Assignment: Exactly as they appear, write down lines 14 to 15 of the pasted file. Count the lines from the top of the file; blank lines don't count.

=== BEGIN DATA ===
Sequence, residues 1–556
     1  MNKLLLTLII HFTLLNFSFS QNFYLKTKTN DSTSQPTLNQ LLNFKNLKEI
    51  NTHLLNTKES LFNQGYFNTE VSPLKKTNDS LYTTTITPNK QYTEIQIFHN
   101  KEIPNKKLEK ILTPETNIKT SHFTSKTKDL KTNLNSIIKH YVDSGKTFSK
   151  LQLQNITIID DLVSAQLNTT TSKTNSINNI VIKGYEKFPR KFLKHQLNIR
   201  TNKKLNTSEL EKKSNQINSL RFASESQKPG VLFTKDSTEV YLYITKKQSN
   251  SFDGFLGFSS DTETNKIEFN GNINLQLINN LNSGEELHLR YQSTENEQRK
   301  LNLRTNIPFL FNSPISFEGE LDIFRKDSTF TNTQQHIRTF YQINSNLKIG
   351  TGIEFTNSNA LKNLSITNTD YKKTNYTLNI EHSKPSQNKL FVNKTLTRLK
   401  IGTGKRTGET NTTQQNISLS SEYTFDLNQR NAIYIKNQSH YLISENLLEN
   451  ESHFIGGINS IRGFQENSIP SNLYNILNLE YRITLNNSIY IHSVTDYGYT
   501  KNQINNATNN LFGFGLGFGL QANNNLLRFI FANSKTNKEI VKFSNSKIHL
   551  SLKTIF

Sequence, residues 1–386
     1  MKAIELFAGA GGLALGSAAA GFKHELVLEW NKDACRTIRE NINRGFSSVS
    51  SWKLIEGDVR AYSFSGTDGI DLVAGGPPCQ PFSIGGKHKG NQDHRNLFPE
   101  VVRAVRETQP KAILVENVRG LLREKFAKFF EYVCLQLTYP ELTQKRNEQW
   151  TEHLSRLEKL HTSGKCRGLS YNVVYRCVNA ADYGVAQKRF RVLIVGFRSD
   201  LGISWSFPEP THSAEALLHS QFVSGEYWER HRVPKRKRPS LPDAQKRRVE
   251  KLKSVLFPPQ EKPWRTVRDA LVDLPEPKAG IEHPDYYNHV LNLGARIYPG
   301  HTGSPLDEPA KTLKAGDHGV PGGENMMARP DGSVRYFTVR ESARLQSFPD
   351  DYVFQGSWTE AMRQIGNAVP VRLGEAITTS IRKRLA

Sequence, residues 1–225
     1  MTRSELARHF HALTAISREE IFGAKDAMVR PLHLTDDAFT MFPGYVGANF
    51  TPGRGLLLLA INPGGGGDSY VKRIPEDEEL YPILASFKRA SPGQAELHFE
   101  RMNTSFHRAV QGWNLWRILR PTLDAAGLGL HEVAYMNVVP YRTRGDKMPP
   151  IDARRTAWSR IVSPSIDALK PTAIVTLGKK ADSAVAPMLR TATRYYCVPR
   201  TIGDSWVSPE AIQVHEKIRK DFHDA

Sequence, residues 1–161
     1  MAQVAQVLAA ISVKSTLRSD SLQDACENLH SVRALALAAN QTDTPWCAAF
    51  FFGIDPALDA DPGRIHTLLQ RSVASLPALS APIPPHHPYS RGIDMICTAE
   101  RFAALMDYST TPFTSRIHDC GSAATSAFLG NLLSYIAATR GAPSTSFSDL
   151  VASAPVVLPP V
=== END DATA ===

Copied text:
Sequence, residues 1–386
     1  MKAIELFAGA GGLALGSAAA GFKHELVLEW NKDACRTIRE NINRGFSSVS